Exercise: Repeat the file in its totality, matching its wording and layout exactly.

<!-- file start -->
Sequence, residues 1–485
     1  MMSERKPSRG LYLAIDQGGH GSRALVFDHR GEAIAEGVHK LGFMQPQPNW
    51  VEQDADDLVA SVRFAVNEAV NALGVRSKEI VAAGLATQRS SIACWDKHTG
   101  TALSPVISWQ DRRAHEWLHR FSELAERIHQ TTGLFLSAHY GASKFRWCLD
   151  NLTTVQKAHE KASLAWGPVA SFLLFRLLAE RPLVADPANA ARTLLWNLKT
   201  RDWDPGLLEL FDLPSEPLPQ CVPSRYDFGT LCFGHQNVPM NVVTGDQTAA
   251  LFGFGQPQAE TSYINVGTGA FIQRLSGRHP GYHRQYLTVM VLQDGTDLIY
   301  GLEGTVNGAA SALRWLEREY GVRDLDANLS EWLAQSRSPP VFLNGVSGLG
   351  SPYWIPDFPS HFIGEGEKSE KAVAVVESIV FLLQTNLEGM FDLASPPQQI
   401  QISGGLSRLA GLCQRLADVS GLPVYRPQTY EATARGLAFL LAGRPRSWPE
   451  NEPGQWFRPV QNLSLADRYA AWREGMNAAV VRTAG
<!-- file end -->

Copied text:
Sequence, residues 1–485
     1  MMSERKPSRG LYLAIDQGGH GSRALVFDHR GEAIAEGVHK LGFMQPQPNW
    51  VEQDADDLVA SVRFAVNEAV NALGVRSKEI VAAGLATQRS SIACWDKHTG
   101  TALSPVISWQ DRRAHEWLHR FSELAERIHQ TTGLFLSAHY GASKFRWCLD
   151  NLTTVQKAHE KASLAWGPVA SFLLFRLLAE RPLVADPANA ARTLLWNLKT
   201  RDWDPGLLEL FDLPSEPLPQ CVPSRYDFGT LCFGHQNVPM NVVTGDQTAA
   251  LFGFGQPQAE TSYINVGTGA FIQRLSGRHP GYHRQYLTVM VLQDGTDLIY
   301  GLEGTVNGAA SALRWLEREY GVRDLDANLS EWLAQSRSPP VFLNGVSGLG
   351  SPYWIPDFPS HFIGEGEKSE KAVAVVESIV FLLQTNLEGM FDLASPPQQI
   401  QISGGLSRLA GLCQRLADVS GLPVYRPQTY EATARGLAFL LAGRPRSWPE
   451  NEPGQWFRPV QNLSLADRYA AWREGMNAAV VRTAG